Russian authorities release protesters arrested at an anti-Putin rally in Moscow. Questions about the legitimacy of the president-elect's victory remain.
Many of the protesters who were arrested during a post-election demonstration in Moscow have been released, as three prominent Russian opposition figures were been ordered to appear in court on Tuesday.
Anti-corruption blogger Alexei Navalny told the AFP news agency that he was among dozens of demonstrators who had been held in custody through most of the night. Sergei Udatsov also confirmed that he had been released.
The two opposition figures were facing fines of up to 2,000 rubles (51 euros, $67) for allegedly violating laws governing the right of assembly. A third opposition leader, Ilya Yashin, was facing a maximum of 15 days in jail for allegedly disobeying the rules for staging a rally.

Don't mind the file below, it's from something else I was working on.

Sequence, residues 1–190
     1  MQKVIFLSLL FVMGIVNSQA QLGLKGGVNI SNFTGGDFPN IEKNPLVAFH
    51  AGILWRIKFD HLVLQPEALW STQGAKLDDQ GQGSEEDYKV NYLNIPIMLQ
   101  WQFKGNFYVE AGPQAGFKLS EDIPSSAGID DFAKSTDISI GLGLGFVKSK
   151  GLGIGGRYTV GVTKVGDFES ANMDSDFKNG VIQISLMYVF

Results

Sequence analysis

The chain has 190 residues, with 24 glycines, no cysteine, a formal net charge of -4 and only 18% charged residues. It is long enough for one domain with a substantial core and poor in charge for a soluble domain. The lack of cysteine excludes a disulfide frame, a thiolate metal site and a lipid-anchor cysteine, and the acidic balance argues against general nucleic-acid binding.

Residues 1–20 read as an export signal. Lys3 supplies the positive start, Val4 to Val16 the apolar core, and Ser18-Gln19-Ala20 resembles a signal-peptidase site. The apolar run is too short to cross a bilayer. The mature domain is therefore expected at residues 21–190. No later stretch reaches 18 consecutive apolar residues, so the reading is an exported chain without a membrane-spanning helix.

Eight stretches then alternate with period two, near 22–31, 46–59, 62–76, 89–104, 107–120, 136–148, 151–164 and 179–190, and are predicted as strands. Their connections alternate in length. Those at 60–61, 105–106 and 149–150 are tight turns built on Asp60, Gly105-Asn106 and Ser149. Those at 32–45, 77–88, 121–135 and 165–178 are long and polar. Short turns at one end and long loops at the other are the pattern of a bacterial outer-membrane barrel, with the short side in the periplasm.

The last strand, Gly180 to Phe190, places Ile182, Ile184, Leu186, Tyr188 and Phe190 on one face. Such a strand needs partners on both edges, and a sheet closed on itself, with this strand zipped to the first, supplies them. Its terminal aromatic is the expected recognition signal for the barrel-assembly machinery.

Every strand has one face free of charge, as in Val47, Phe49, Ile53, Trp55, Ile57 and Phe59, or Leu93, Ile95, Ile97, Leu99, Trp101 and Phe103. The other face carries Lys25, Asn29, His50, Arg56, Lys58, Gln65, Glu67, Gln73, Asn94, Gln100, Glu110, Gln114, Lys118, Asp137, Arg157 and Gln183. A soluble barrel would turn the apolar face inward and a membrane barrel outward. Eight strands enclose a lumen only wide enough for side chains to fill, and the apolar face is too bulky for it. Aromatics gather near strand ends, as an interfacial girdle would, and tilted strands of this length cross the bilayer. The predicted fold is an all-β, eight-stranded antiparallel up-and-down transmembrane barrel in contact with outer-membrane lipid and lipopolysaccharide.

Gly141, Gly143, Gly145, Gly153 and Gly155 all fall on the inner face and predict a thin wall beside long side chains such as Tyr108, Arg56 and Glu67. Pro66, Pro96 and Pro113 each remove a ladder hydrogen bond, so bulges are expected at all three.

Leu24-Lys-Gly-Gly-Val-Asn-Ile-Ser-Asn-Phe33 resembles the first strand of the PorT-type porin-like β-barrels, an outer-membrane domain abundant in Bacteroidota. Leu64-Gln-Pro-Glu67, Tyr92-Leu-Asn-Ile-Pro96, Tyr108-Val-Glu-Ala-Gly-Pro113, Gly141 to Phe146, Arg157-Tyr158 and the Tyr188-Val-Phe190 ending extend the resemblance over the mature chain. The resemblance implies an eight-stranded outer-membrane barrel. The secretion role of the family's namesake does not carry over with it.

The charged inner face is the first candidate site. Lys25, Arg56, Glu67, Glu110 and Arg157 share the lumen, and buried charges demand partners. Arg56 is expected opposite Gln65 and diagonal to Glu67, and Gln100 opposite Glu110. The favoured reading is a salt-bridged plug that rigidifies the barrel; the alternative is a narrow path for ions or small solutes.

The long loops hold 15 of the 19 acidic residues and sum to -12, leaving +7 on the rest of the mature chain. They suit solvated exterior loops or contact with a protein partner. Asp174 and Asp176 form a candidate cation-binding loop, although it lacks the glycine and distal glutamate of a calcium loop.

Opposition groups said 20,000 demonstrators had turned out on Pushkin Square on Monday night to protest the result of Sunday's presidential election, which current Prime Minister Vladimir Putin won outright with almost 64 percent of the vote. Police said only 14,000 had taken part in the protest.
The rally was mainly peaceful, but it ended when police decked out in riot gear moved in to break up the demonstration, after some of the protesters refused to leave, saying they intended to stay put until Putin left office.
Fairness of the polls questioned
The legitimacy of Sunday's vote has been called into the question, with the Organization for Security and Cooperation in Europe saying their observers found it had been skewed in Putin's favor.
The European Union's foreign policy coordinator, Catherine Ashton, called on Russia to address the "shortcomings" observed by election monitors.
US State Department spokeswoman called on Russia to carry out an "independent, credible investigation" into any irregularities.
Germanytoo criticized how the election was carried out. A government spokesman told reporters in Berlin that the vote was "what we are familiar with in other parts of Europe." However, Chancellor Angela Merkel used a television conversation with the Russian president-elect to express her "good wishes for his upcoming term in office."
pfd/acb (dpa, AFP, Reuters)